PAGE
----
Which leads me to journalists. Their influence being second to none, Press freedom is as important as their responsibilities. Indexes such as the one cited above are to be made public because a Government that harshens the consequences of speech is a Government that has something to hide.  At the same time, Fake News is a crime against a nation. Simple as that. It is thus fundamental that the public raise their expectations and sharpen their filters. Governments and journalists have their own agendas often leading to results that are sub optimal for the general public. The best defence against their indulgences is not a law but a demand for higher standards.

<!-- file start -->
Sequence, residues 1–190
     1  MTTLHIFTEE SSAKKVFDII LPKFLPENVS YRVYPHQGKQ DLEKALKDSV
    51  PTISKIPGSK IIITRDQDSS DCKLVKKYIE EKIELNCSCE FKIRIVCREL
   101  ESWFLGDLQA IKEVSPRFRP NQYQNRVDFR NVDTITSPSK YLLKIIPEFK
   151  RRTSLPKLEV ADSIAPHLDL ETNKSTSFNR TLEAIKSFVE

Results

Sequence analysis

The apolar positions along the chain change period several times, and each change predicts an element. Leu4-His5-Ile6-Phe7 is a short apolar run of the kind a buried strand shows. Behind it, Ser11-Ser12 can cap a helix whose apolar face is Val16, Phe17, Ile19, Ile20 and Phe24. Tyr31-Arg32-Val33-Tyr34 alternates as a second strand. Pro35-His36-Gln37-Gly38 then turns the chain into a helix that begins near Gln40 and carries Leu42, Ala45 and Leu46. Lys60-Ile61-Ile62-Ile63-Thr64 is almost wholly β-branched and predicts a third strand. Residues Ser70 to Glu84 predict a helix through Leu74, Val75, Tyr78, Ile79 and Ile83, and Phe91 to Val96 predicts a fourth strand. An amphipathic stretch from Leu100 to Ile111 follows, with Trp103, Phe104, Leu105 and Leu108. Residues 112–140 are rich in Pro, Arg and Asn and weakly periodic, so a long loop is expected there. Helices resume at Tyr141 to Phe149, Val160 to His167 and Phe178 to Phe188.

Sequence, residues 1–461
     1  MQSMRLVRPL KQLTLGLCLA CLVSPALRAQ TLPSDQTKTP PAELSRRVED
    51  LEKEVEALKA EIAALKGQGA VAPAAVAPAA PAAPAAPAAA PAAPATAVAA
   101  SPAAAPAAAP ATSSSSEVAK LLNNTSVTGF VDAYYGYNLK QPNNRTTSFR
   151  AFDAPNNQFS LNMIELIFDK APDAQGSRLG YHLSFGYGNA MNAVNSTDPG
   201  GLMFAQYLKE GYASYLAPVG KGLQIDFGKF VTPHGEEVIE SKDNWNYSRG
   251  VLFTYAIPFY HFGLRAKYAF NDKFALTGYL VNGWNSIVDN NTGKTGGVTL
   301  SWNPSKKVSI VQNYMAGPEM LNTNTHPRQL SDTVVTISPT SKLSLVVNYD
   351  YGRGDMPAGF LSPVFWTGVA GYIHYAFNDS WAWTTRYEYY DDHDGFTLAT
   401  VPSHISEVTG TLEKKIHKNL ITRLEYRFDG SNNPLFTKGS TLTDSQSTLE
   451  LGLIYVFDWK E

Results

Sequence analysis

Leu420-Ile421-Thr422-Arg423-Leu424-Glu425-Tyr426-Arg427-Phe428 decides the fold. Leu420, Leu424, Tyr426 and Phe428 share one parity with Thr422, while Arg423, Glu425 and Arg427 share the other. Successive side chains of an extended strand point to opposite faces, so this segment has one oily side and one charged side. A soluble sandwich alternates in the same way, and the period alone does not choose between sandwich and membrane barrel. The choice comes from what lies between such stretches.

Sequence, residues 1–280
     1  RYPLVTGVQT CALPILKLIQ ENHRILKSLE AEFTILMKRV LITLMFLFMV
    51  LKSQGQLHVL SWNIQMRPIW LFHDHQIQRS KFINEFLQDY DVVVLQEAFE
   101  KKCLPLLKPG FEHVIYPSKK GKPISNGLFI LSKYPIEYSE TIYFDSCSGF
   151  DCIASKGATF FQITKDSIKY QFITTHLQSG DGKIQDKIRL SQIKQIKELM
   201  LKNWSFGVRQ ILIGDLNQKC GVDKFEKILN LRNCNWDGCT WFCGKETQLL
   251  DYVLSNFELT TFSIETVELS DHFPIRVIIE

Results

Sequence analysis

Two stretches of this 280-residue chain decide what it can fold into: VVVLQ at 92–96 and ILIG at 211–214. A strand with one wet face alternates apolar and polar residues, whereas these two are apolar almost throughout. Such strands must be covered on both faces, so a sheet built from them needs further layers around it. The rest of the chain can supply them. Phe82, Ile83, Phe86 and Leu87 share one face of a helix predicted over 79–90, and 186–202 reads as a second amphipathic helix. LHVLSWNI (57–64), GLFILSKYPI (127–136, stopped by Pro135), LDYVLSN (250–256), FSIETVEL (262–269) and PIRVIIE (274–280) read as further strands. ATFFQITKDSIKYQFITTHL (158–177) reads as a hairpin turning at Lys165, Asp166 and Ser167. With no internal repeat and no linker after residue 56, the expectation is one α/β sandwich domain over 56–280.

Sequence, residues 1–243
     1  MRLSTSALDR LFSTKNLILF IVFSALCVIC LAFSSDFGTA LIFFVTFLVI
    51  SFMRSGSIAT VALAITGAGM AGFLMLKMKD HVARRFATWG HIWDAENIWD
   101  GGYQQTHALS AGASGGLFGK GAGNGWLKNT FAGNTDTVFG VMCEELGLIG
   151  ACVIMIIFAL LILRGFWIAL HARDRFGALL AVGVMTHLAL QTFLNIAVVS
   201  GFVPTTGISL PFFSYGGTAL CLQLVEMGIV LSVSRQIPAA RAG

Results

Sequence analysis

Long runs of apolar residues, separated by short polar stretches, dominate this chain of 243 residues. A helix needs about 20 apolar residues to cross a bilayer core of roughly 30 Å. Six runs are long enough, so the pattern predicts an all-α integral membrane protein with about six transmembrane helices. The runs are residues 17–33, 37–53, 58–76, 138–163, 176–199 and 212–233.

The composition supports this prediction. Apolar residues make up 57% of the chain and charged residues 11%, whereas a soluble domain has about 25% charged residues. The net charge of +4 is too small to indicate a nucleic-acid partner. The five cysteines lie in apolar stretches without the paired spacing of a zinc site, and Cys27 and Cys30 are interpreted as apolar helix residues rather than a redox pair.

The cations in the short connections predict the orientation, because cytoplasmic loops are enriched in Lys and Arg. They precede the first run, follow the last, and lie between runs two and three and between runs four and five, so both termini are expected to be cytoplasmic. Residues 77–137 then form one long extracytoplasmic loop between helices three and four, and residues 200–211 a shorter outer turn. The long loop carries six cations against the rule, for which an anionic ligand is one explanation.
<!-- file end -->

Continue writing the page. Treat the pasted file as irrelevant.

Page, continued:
Ultimately, we must remember that freedom is not simply a political philosophy or a cause fought by dreadlocked, pot-smokers: it is the very essence of humanity. Freedom of expression has given birth to art, literature, songs and science that have defined generations. To be human is to be free and those who deny this freedom are usually afraid of what their instincts might reveal. Religion and artistic interpretation should not be mutually exclusive, nor should media and truth. Done well, they can reveal subtleties of the human condition that are unreachable by books and scholars. I look forward to living in a Malta that is defined by this freedom: we have achieved so much whilst bound, just imagine what places we could reach if set free.